Guest editors: Frankie Condon (University of Nebraska, Lincoln) and Vershawn Ashanti Young (University of Kentucky)
Despite widely circulated pronouncements of the death of racism in the U.S. following the election of President Barack Obama, politicians continue to appeal to race as a means of galvanizing their (predominantly white) bases, legislation across the States taps into deeply held racist beliefs and connects those beliefs with notions of citizenship and national identity, and efforts are underway nationwide to limit the ability of teachers and students to study the history of race and racism in the U.S. as well as the cultural and scholarly production of artists and intellectuals of color. Teachers of color, particularly those most expert and experienced in teaching English as a Second Language, and who speak and write World Englishes are being castigated in public and exiled from their classrooms. Indeed, racist logics and rhetorics are morphing rapidly such that explicit racism in public discourse is not only frequently overlooked but also rationalized and legitimated, and implicit (coded) racism continues unabated as what clinical psychologist Derald Sue Wing et al. term "racial microaggressions of everyday life" (largely unintentional racial insults and exclusions) or as what Tim Wise has termed "racism 2.0 or enlightened exceptionalism." (Young, Present Tense, v1 Issue 1, 2010)
The editors of this special issue of ATD perceive a pressing need to continue and deepen a critical dialogue about race matters, particularly as they pertain to the teaching of rhetoric and writing. To this end, we invite artists and teachers, intellectuals and scholars from two broad sites—disciplinary (e.g., critical pedagogy, English studies, gender studies, performance studies, writing center studies, writing in the disciplines, and teacher development, etc.) and public (writing groups, performance troupes, after school programs, literacy centers, etc)—where writing takes place to join us in keeping the dialogue alive.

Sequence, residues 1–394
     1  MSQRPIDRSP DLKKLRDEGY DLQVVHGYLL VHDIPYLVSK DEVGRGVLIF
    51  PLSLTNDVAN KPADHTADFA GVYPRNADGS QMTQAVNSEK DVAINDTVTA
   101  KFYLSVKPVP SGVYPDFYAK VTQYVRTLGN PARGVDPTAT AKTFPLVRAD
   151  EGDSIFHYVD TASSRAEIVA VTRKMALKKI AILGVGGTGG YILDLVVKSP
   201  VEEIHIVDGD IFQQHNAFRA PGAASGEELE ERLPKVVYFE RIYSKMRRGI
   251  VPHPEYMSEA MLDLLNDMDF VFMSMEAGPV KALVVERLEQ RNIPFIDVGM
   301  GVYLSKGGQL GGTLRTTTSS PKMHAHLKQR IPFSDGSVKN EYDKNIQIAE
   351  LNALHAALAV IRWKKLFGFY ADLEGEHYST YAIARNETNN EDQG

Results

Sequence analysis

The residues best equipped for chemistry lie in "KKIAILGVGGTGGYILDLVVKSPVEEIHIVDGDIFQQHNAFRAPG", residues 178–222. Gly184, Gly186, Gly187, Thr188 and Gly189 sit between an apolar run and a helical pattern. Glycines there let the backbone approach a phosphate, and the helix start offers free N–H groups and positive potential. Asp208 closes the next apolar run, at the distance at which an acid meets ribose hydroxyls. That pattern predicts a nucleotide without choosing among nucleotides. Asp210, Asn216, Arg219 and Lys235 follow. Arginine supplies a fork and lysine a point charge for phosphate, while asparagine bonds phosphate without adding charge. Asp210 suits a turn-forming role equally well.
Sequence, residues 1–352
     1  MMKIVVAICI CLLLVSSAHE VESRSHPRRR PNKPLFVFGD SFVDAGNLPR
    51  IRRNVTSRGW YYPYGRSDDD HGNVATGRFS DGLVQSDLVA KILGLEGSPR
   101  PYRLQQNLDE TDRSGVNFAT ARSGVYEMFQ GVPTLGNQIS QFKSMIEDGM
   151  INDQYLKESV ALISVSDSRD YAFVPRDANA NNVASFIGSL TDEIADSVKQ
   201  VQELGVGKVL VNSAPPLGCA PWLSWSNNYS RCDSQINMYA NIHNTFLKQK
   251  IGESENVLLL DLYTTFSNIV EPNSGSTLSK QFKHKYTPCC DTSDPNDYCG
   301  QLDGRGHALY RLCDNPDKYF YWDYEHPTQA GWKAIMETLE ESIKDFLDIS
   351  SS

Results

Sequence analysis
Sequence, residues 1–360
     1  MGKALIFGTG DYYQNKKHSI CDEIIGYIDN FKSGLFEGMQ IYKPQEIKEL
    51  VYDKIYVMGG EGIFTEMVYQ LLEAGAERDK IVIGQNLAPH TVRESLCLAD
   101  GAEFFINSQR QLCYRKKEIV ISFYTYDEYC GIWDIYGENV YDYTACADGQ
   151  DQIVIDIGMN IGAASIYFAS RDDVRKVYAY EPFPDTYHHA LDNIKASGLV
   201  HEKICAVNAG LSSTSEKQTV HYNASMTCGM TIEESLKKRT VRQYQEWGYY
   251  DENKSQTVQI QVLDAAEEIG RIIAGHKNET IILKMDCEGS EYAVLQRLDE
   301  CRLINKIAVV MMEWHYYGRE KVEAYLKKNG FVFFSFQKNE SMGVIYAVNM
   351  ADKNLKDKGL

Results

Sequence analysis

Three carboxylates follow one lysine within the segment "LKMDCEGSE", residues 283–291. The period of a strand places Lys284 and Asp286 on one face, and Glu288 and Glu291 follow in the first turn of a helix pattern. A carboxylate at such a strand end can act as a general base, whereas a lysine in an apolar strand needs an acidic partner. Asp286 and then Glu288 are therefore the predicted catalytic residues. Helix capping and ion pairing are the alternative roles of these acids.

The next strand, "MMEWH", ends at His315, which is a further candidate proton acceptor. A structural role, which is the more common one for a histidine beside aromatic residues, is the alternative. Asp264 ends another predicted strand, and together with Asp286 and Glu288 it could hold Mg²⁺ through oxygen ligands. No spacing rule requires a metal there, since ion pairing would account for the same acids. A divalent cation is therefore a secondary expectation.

We are particularly interested in essays that are richly informed by activist epistemologies, critical autoethnography, performance ethnography, models of anti-bias organizing, critical race theory, and theories of intersectionality (race, class, gender, sexuality). Subjects for articles submitted for consideration might include (but need not be limited to):
We are also interested in co-authored essays that explore connections between the academy and community, across disciplines, and among those who occupy different institutional roles or positions (i.e. faculty and community agencies partnerships, faculty and graduate student writing partnerships, partnerships between colleagues across disciplines, multi-racial writing partnerships, and/or partnerships between engaged administrators and faculty or graduate students).
Since ATD is an online journal, authors are not limited to traditional essay formats, but may engage writing that includes images, video, and footage, or that otherwise performs the argument. Our hope is that this issue will principally inform and enrich anti-racist education through the teaching of rhetoric and writing.
Deadline for Submission of Manuscripts: September 1, 2011
Notification of Acceptance and Requests for Revision: by November 1, 2011
Final Manuscripts Due: December 15, 2011
Publication: Spring/Fall 2012
Proposal Format: Emailed queries regarding topics, research and theoretical bases, and the structure of proposed articles are welcome. Manuscript drafts submitted for consideration should follow APA documentation style, which is the standard for Across the Disciplines. Send your manuscript electronically (in MS Word format) to guest editors Frankie Condon and Vershawn Ashanti Young (email@example.com) and the editor of ATD, Michael Pemberton (firstname.lastname@example.org). Please be sure to include your full contact information. Submissions will be peer reviewed.